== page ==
Furthermore, in response to comments from Mr. Barton in a Repository article this week, I welcome the opportunity to pilot TNR in the City of Canton as a part of a plan to develop a more thorough response to animal control in Canton. Although I applaud the effort towards TNR, the proposed method of piloting an initiative, however, is flawed. You cannot do both TNR and Trap-remove in the same area with the same colony of cats. This would lead to a waste of financial resources and other problems. There would be a strong likelihood that the same cats would be trapped and neutered and then later trapped and removed. Any area piloted for TNR would have to be off limits to Trap-remove efforts to be effective.

I appreciate the fact that all of you have brought some thought and consideration to this matter. I believe, however, that it is CRITICAL for the city to begin a process of dialog with citizens, advocates and professionals IMMEDIATELY to develop a plan of response to the animal control issues in Canton. How we address the issues affects not only the animals of our community, but also our youngest citizens. Now that there is public awareness of inhumane animal treatment on the city’s behalf, our children will be watching the manner in which we address it.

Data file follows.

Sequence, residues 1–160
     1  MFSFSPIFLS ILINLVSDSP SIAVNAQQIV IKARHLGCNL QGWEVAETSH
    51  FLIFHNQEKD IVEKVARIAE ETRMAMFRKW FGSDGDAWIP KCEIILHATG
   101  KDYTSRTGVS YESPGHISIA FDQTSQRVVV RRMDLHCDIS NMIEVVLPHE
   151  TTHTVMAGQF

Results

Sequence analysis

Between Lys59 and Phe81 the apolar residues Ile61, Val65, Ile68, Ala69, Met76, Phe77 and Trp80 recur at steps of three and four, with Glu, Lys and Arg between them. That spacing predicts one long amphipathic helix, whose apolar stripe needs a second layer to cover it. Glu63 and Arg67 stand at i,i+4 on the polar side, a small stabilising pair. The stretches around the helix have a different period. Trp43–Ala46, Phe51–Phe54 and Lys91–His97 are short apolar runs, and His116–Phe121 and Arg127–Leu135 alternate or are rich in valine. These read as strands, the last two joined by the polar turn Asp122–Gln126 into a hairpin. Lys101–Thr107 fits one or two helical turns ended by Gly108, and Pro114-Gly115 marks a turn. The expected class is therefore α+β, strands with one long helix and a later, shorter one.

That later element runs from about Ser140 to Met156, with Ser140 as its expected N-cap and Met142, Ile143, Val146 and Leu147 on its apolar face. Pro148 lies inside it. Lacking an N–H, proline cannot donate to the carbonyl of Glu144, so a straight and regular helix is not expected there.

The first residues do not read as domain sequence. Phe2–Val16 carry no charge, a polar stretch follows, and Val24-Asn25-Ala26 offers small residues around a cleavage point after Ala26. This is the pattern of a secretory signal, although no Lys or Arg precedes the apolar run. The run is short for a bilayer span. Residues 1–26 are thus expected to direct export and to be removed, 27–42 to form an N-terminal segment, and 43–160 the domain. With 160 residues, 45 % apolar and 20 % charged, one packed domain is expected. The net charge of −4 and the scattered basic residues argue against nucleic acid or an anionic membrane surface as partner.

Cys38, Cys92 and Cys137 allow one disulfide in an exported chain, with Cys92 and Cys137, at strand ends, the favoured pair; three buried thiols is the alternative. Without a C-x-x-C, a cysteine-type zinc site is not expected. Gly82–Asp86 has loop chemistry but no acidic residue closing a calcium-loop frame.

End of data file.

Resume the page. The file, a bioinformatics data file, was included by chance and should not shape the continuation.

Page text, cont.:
I respectfully request the following actions be initiated to address the issues:

  1. As stated before, restrict any further contracts with Mr. Sedlacko to be short-term and interim.
  2. Subject the Animal Control Officer contract to a public bidding process.
  3. Develop a committee that includes citizens, animal rescue advocates, veterinary and public health professionals, council members and other relevant individuals to study the issue IMMEDIATELY.
  4. Offer time to meet with Jeff Dorson from Alley Cat Allies during the week of March 12-16 in addition to attending the Town Hall Meeting that he will be holding on Wednesday March 14th in the McKinley Room at the Stark County District Library from 6:00 – 7:30 pm.
  5. Include animal control discussions in other efforts on behalf of city neighborhoods, such as Weed and Seed, neighborhood organizations, Community Building Partnership of Stark County, etc.
  1. Review Mr. Sedlacko’s invoices as I have done and engage in an in depth analysis of the data obtained from them.

Thank you for your consideration. I welcome feedback and response.


Vicki Boatright